Southern Historical Society Papers, Volume 27. (ed. Reverend J. William Jones), An effort to rescue Jefferson Davis. (search)
C., as follows: To General Wade Hampton, Greensborough If you think it better, you can, with the approval of General Johnston, select men as proposed for a later period, the small body of men, and join me at once, leaving General Wheeler to sad been made, for I recognized, of course, that my command had been embraced in the convention entered into between Generals Johnston and Sherman. Informing General Johnston that I had special orders from President Davis, I did not consider myself aGeneral Johnston that I had special orders from President Davis, I did not consider myself as embraced in the surrender, and that I should at once endeavor to join the President, but that I should take none of my command with me. Learning that a large part of my command—cavalry and one battery—which had served with me during the whole war, taken, and I adjured them to prove themselves now, as they had always done, good soldiers, by obeying the command of General Johnston, by whom his army had been surrendered; that I knew they were willing to share my fate, whatever it might be, but th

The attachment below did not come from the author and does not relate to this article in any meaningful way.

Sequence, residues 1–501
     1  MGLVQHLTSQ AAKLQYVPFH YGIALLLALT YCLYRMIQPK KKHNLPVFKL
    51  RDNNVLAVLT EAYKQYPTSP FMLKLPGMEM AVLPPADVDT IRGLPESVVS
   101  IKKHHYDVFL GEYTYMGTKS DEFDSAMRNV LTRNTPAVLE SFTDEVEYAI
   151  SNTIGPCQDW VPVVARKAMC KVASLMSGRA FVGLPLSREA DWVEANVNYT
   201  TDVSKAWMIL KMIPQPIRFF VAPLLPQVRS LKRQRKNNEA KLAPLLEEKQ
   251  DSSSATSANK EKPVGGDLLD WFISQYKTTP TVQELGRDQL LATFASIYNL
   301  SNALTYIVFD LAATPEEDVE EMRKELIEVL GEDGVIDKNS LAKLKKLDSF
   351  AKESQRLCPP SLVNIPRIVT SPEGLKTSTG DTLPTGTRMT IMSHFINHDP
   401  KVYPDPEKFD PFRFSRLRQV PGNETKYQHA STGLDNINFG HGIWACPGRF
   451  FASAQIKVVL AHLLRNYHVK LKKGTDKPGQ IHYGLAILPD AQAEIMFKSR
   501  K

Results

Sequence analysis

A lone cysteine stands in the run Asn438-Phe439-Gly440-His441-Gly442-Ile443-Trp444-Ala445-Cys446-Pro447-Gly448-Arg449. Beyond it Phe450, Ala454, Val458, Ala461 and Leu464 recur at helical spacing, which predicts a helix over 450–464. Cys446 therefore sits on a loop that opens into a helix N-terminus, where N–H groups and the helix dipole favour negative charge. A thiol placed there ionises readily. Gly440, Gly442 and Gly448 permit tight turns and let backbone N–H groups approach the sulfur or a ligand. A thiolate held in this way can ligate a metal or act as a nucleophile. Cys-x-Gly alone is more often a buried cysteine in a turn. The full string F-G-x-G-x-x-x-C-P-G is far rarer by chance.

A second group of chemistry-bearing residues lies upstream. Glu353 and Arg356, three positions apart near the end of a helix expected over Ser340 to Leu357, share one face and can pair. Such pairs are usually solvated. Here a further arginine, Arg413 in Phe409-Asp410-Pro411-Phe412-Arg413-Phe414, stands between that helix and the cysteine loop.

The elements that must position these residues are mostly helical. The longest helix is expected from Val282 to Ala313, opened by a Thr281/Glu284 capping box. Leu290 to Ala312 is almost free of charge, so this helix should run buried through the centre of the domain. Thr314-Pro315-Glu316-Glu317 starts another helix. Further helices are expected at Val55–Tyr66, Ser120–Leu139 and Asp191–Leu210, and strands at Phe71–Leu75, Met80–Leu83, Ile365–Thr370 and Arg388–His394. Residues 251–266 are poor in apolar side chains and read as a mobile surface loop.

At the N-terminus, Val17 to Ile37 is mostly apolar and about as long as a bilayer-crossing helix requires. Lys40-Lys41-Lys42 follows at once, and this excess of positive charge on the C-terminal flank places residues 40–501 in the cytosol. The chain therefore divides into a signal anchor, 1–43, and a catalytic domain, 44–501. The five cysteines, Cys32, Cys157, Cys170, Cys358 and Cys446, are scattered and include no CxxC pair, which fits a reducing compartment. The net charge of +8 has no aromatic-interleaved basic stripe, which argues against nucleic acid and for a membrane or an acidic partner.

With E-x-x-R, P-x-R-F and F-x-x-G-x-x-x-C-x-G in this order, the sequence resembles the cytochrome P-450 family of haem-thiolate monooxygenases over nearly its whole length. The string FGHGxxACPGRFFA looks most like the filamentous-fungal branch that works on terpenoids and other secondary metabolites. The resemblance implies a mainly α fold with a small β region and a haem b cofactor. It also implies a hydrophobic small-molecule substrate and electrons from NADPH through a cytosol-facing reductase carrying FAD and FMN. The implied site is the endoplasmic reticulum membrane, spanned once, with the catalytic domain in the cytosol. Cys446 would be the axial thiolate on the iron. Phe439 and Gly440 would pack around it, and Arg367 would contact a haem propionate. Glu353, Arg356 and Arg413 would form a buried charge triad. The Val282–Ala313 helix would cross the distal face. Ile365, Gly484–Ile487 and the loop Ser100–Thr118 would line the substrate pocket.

Southern Historical Society Papers, Volume 27. (ed. Reverend J. William Jones), chapter 1.40 (search)
generalship, and that is the point involved in the parallel. Jackson and Price planned and executed within the sphere of military genius, achievements most honorable to the art of war, and those achievements were reached under quite analogous circumstances, testing the character of the troops under each. A victory at Shiloh would have wrecked the cause of the United States irretrievably. A victory at Gettysburg would have accomplished the same result. At Shiloh, April 5, 1862, General A. S. Johnston had driven Grant's army from three to four miles and crowded the whole broken mass upon the brink of the Tennessee. Two hours more of life to him, had he fallen at 4 P. M. instead of 2 P. M. on that day, the military resources of the United States west of the Potomac would have been annihilated. Beauregard, going on the field on a bed, wasted by protracted illness, never having appreciated or sympathized with the strategy of the occasion as developed by his great commander, recalle
Southern Historical Society Papers, Volume 27. (ed. Reverend J. William Jones), William Preston Johnston. (search)